AMD's Zen 3, Navi 2 APUs With DDR5 Support May Arrive Next Year

Image of a CPU on a motherboard.
(Image credit: Shutterstock)

A Twitter user has shared an alleged AMD roadmap that details the chipmaker's plans for its next-generation mobile APUs. Respected hardware leaker kopite7kimi got word that the roadmap looks accurate. Nevertheless,  approach the information with caution since roadmaps are known to change as time progresses.

The roadmap reveals AMD's upcoming mobile APUs for four categories: HP (High Power), LP (Low Power), ULP (Ultra-Low Power) and ELP (Extreme Low Power). Starting from the top, Ryzen 6000 (Rembrandt) will reportedly land next year to replace the existing Ryzen 5000 (Cezanne) lineup. If the the data is accurate, Ryzen 6000 should be based on TSMC's 6nm manufacturing process.

On a microarchitectural level, Ryzen 6000 will utilize an optimized version of Zen 3. The Zen 3+ parts will likely arrive with optimizations in the form of a small frequency bump. According to the leaked roadmap, Ryzen 6000 will support DDR5 and LPDDR5 memory. In terms of graphics, Ryzen 6000 will finally leverage AMD's Navi 2 (RDNA 2) graphics engine, and it'll be the first APU to do so. As usual, Ryzen 6000 will compete in the 45W and 15W power brackets with Rembrandt-H and Rembrandt-U, respectively.

AMD Mobile APU Roadmap (Image credit: sepeuwmjh/Twitter)

In the LP class, AMD currently utilizes the Ryzen 5000 branding for both its Zen 3 (Cezanne) and Zen 2 (Lucienne) chips. Lucienne-U can be considered a refresh of Renoir, though AMD isn't fond of people calling it that. Lucienne-U uses the Zen 2 cores like its predecessor. It would appear that AMD will replace Lucienne-U in 2022 with Barcelo-U. Barcelo-U will represent a huge upgrade since AMD will endow it with Zen 3 cores. Sadly, the graphics engine is still Vega.

AMD's Van Gogh APUs, which compete in the ULP (Ultra-Low Power) segment, will debut sometime this year. Linux patches have revealed that the Zen 2 chips will sport Navi 2 graphics and support LPDDR5 memory. Dragon Crest is the rumored successor to Van Gogh. Since Dragon Crest seems to utilize the same recipe as Van Gogh, it's rational to assume that Dragon Crest could be a simple refresh.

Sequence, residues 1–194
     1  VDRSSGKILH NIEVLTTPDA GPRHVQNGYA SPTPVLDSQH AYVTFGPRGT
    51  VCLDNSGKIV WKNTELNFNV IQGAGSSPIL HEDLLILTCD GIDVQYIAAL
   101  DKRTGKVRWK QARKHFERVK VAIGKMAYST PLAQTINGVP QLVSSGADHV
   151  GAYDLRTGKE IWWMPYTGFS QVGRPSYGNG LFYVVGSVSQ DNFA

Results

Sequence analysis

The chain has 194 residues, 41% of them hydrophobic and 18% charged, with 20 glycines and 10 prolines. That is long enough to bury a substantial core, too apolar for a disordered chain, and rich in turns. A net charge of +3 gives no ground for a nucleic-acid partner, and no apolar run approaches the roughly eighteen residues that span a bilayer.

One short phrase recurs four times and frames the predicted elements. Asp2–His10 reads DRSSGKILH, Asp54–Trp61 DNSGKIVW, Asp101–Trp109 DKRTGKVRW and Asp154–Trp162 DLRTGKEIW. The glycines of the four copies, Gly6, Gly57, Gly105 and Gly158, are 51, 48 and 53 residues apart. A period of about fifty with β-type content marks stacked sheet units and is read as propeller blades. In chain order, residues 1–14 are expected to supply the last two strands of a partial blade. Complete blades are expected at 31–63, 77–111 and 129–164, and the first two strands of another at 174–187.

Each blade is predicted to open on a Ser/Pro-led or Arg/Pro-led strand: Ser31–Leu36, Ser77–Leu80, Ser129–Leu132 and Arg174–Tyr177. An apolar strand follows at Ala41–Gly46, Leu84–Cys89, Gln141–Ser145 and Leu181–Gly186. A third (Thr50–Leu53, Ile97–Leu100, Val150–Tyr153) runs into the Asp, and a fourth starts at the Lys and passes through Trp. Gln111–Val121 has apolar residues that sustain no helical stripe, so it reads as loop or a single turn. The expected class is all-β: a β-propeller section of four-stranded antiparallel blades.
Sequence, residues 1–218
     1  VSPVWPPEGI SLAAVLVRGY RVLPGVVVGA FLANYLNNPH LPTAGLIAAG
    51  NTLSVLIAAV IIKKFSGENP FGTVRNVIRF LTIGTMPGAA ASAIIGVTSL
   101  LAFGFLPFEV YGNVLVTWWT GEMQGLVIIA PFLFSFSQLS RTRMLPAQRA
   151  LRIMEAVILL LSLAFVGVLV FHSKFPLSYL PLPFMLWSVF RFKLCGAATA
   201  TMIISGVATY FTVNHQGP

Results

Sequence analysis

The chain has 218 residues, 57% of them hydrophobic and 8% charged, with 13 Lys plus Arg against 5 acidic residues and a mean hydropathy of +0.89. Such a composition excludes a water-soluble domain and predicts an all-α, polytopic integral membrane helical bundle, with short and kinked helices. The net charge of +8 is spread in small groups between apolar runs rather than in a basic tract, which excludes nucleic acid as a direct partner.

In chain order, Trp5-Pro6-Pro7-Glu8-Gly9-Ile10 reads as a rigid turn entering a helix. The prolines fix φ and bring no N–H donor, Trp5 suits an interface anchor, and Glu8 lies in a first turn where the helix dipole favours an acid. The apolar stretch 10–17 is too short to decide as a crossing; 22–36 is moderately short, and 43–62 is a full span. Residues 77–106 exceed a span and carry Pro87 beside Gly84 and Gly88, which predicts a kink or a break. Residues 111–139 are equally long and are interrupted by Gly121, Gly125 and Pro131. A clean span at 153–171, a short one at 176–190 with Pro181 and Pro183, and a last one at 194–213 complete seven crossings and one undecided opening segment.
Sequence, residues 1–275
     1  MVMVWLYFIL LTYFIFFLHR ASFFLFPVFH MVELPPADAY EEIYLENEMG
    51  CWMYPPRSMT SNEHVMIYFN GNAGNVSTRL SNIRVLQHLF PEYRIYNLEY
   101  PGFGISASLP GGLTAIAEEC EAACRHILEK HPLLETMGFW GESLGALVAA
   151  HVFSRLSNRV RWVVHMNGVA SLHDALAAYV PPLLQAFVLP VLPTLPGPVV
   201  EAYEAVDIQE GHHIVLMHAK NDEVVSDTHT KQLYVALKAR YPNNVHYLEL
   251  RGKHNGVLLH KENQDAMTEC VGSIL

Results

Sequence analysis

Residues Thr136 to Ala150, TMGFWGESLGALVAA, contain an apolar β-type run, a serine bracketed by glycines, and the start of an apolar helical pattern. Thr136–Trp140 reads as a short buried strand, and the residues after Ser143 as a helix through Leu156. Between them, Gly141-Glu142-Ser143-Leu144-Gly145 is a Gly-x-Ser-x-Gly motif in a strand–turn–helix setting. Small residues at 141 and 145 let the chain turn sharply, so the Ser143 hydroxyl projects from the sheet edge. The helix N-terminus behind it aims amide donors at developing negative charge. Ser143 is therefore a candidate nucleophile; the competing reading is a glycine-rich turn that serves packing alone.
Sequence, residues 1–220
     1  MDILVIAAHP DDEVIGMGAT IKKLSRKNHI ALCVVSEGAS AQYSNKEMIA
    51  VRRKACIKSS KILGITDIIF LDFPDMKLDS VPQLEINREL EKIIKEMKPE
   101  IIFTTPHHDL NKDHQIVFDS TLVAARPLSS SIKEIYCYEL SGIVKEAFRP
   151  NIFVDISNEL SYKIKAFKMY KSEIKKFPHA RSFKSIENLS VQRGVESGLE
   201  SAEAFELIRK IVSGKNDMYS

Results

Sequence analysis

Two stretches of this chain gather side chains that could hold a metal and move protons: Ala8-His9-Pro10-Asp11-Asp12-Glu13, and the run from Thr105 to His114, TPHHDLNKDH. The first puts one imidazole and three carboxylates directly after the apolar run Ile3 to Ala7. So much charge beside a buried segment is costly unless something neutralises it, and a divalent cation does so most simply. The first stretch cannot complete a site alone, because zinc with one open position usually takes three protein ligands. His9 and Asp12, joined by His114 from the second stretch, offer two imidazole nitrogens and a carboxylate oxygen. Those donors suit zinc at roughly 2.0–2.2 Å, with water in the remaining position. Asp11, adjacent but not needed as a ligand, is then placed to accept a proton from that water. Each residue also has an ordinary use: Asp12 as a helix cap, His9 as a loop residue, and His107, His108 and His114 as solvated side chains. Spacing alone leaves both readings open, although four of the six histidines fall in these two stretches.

Apparently, AMD doesn't have anything planned for the ELP category. Pollock, which is based on the Zen and Vega microarchitectures, will continue push forward through 2022.

Zhiye Liu
RAM Reviewer and News Editor

Zhiye Liu is a Freelance News Writer at Tom’s Hardware US. Although he loves everything that’s hardware, he has a soft spot for CPUs, GPUs, and RAM.

  • Makaveli
    I'm really curious to what we will see on the desktop. I have a feeling we won't see anymore cpu's on AM4. And Zen 3+ will be for the AM5+DDR5 platform to get the quirks out of that before Zen 4 launch. This refresh we may see in Q4 2021, then we may not see Zen 4 until Q1 or Q2 2022. And this date my change depending on what Alderlake brings to the table.
  • Giroro
    This roadmap seems just dumb enough to be real.
    Like Van Gogh, nobody would expect AMD to add LPDDR5 compatibility to Zen2. I don't think generally anybody would expect AMD to use Zen2 in any new design, especially since everybody thought the point of skipping the 4000 series branding on desktop was to eliminate the mixed-core generation.
    So, sure, 2 more years of Zen2. Great use of your limited 7nm production, AMD.
  • Metal Messiah.
    Roadmap matches and seems similar to this one, though the information shared is still a bit confusing.

  • SonoraTechnical
    I think we are being messed with.... I'll let my current desktop rigs ride out the rest of 2021 (I5Clarkdale2010 and I7IvyBridge2012 respectively) ... and see what's available. Previously, stayed with AMD through many K6 Super7 & Athlon SocketA varients until Core 2 Duo became impossible to ignore.

    Looks like it will be a motherboard, cpu, ram, video card and NVMe upgrade for me this time around... and it will be AMD centric again . Perhaps a 570S/670 chipset (assumed name of 570/570S replacement), Zen3+ chip (hopefully a 5950+/6950 16core model will be available), 64GB of DDR4 or DDR5 (depending on what the chipset/motherboard supports), Navi2 video card (haven't bought a discreet card in a while, so this is really up in the air, but i better go with some form of RayTrace support... 6900XT might still be the AMD top end at that point.), and then of course 2 x NVMe M.2 drives...

    One thing is for sure.... I'm positive the PC I build at the end of 2021, start of 2022 will be the last of my professional IT/OT career..... Selling hotdogs once my next build is rendered obsolete...
  • wtfmang
    no love for desktop APU, and supply will be nonexistent

    if intel doesnt fukk up alder lake, they could recapture significant market share